http://ubuntologia.ru/forum/viewtopic.php?f=34&t=4245&start=10

Install Pantheon shell on Ubuntu Linux

pantheonshell
Today i’am going to show you how to install great minimalistic and beautiful Linux shell named Pantheon on Ubuntu.

First of all, install Ubuntu minimal from https://help.ubuntu.com/community/Installation/MinimalCD

After that, see below.

1. Install util for repositories managing:

apt-get install python-software-properties
 

2. Install Pantheon shell:

apt-add-repository -y ppa:elementary-os/stable
apt-get update
apt-get install elementary-desktop
 

3. Check installed gala and switchboard packets:

apt-get install gala
apt-get install switchboard-plug-pantheon-shell
 

4. Install Pantheon tweaks:

apt-add-repository ppa:versable/elementary-update
apt-get update
apt-get install elementary-tweaks
 

5. Reboot.

And you’ll got this:
9468089

See also http://www.binarytides.com/install-pantheon-ubuntu/
Here is txt file for VirtualBox installation: pantheon install

Install full Ubuntu on USB flash drive

N3RcE

This is a repost of the forum topic! Link below.

Here I’m going to explain on how to install a fully working linux specifically Ubuntu 12.04 LTS on USB Flash drive

Pro’s of installing linux in a USB flash drive

1. Linux is a great OS which can run on a variety of computers without the need of additional drivers unlike windows where you have to install drivers every time you install the OS. So you can say it’s a very good OS having very good mobility. ( Now it is challenged by ‘windows to go’ feature of windows 8 which is going to be released very soon)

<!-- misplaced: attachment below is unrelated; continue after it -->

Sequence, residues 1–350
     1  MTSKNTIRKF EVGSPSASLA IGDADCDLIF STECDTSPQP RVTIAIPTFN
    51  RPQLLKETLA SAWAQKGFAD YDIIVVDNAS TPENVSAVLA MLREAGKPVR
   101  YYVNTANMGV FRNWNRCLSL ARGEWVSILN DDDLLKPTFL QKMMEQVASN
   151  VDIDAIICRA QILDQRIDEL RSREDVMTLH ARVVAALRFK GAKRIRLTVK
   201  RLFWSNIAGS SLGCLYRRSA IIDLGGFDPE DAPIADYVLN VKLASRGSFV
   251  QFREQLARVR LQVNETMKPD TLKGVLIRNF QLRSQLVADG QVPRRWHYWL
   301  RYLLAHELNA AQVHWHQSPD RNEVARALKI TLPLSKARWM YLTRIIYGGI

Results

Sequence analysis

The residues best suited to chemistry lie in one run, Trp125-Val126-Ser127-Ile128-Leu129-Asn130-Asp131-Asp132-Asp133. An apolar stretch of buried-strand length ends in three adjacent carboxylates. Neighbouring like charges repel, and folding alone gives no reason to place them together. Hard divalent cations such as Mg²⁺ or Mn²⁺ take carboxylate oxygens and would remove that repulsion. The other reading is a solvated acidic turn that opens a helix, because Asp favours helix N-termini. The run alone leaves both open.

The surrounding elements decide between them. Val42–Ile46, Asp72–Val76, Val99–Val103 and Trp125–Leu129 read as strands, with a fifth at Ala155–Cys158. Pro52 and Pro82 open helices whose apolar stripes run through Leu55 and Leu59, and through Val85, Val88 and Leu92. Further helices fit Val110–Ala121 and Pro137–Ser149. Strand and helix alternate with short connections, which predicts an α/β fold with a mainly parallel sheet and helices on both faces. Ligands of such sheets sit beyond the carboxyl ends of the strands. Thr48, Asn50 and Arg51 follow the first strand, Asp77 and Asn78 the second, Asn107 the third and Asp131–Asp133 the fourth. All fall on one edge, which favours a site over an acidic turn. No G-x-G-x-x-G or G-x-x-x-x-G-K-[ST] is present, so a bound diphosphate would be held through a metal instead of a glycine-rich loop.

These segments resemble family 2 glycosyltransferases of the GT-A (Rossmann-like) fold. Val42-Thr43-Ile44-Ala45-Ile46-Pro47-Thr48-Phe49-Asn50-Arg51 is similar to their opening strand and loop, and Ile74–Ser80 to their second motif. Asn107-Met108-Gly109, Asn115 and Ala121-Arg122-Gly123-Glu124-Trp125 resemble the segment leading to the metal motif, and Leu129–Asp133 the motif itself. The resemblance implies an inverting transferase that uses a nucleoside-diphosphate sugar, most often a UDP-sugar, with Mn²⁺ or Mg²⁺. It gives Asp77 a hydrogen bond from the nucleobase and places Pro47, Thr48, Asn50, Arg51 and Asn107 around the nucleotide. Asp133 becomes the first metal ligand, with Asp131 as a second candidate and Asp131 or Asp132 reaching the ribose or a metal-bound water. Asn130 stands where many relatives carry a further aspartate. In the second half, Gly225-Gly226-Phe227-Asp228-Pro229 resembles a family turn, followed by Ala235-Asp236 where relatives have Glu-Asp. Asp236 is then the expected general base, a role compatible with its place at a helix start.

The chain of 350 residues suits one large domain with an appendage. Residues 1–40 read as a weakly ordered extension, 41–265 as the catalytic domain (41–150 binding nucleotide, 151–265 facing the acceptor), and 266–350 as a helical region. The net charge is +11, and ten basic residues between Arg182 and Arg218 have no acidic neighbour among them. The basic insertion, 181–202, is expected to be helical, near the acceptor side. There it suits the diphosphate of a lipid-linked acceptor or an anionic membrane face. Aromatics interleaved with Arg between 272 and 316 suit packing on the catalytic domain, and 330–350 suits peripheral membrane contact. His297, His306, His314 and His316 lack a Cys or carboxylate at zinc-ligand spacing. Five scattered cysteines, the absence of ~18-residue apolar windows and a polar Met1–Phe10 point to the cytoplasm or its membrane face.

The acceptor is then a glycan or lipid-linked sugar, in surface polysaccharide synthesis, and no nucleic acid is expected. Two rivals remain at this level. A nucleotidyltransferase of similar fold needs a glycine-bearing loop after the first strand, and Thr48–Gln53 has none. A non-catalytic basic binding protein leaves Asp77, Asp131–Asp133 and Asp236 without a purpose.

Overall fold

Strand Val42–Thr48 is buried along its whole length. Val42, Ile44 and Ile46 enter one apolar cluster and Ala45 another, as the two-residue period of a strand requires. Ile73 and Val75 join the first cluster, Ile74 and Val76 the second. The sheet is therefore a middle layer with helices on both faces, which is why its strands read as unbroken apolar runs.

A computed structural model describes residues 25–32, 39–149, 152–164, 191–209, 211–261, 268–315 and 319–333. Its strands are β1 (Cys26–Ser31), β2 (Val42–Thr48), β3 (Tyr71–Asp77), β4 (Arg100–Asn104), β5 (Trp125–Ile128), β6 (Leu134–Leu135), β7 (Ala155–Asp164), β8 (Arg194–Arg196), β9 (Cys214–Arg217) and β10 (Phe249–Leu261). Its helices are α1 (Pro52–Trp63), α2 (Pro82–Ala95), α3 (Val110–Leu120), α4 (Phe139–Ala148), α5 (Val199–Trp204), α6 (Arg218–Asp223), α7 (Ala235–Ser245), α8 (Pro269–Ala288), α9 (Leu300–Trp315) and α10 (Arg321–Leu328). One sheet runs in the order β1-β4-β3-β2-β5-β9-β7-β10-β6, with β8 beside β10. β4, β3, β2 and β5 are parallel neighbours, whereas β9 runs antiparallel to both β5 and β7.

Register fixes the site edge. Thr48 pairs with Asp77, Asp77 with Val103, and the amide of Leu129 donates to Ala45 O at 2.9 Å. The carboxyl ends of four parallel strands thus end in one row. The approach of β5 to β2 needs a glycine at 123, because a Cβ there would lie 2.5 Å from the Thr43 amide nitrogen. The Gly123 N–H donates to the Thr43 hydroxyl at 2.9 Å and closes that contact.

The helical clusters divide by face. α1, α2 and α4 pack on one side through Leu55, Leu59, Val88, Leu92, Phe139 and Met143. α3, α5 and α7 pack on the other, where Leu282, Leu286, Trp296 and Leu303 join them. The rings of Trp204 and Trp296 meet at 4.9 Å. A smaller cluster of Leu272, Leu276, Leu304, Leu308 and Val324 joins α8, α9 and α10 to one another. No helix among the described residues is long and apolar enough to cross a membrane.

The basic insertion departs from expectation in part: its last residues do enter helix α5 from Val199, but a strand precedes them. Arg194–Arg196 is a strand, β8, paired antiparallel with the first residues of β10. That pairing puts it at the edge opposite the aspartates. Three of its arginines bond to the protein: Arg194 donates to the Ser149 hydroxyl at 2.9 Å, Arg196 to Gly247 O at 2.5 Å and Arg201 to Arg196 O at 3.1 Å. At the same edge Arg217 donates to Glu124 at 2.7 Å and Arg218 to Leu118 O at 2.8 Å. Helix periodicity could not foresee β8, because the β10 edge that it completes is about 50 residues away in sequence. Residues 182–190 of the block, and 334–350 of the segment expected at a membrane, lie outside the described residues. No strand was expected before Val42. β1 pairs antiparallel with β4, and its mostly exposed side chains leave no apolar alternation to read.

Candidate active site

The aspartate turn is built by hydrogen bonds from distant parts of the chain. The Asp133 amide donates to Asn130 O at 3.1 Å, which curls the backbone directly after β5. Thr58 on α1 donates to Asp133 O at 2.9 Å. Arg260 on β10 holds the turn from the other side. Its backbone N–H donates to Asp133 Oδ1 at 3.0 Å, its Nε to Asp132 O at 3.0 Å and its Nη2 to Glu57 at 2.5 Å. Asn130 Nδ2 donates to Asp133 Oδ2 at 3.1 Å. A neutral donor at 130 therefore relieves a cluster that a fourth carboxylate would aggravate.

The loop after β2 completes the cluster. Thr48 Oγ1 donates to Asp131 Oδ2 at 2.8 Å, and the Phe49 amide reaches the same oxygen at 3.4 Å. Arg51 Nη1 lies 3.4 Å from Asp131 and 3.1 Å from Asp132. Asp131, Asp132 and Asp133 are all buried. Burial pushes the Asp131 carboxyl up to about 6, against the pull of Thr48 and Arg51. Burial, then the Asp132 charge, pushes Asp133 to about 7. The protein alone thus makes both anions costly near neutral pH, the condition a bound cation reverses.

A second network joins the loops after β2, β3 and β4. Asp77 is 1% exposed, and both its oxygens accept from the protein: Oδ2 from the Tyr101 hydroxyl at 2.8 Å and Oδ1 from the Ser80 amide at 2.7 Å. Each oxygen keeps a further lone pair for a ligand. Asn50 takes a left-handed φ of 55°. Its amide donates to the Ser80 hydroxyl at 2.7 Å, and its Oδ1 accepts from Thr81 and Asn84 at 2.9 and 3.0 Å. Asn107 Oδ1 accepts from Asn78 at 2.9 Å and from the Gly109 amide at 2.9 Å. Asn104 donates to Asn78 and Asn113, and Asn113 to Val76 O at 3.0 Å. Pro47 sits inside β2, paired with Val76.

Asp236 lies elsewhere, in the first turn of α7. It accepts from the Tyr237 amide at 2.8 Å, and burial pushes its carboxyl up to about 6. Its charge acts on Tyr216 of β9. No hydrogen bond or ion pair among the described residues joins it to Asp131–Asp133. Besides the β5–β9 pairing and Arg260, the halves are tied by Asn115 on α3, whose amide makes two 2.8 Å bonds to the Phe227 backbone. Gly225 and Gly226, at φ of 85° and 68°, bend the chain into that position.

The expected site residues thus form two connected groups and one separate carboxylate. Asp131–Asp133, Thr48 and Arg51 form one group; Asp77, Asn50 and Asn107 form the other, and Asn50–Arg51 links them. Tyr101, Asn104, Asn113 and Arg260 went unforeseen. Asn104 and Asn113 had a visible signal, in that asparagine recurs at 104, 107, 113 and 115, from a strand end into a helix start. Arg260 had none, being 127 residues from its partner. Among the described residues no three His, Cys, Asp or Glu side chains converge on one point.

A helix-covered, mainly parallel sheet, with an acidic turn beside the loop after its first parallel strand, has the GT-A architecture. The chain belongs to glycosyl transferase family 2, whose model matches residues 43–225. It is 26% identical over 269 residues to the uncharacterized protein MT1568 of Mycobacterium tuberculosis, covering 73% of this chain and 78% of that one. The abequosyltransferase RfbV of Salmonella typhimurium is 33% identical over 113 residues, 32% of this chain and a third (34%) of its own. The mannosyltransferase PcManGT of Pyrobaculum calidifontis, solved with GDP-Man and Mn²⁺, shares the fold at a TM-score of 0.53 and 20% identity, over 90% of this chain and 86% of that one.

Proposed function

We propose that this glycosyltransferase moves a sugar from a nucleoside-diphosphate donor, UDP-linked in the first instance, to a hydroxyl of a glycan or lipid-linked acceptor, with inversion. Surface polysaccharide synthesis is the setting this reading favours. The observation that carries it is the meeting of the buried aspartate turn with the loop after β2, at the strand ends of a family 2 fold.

2. Linux requires very less hardware to run.

3. In linux, drivers do not conflict unlike windows so it’s easy to use same linux installed on USB flash drive to work with different computer.

4. You can carry your personal and customized OS with you anywhere you want on a USB.

5. Various application can be installed on it like avast antivirus, Gparted etc…. which can rescue a broken system.

 

Con’s of installing linux in a USB Flash drive

1. As USB flash drives are slow than Hard Disks so the OS will run really slow. Mind it, it will be annoyingly slow.

2. Installing OS on USB may eat your USB Flash drive soon as Flash drives have limited write cycles.

3. Browsing may seem very slow as browsers waits to read cache from filesystem.

 

Now as you have seen the pro’s and con’s now we will proceed on installing linux.

If you have not downloaded ubuntu then download from www.ubuntu.org

After downloading burn the downloaded image on CD or DVD and boot from it.

You need at least 4 GB Flash Drive but 8 GB is recommended.

 

Here is step by step procedure

1. Boot from live CD in ubuntu.

2. Insert the USB flash drive in USB Port.

3. On desktop double click on icon ‘install ubuntu 12.04′

4. Click on continue and it will ask if you want to unmount the flash drive click on yes

5. Choose something else when ask to where to install ubuntu.

6. Next you will see your hard disk partitions and flash drive. Click on flash drive partition and then click on change. Change the partition type to ext4 and mount as to ‘/’. Click on ok to close the dialogue box.

7. In last you will see a drop down menu on where to install the the boot loader. Initially it will be showing sdc,sdd but on drop down you must select sdc1 or sdd1. Failing this step you may render your computer unbootable.

8. Then click on install and linux will be installed on your USB Flash drive.

 

Thanx to Gauravs90 !
http://www.thinkdigit.com/forum/tutorials/158997-installing-ubuntu-usb-flash-drive-not-live.html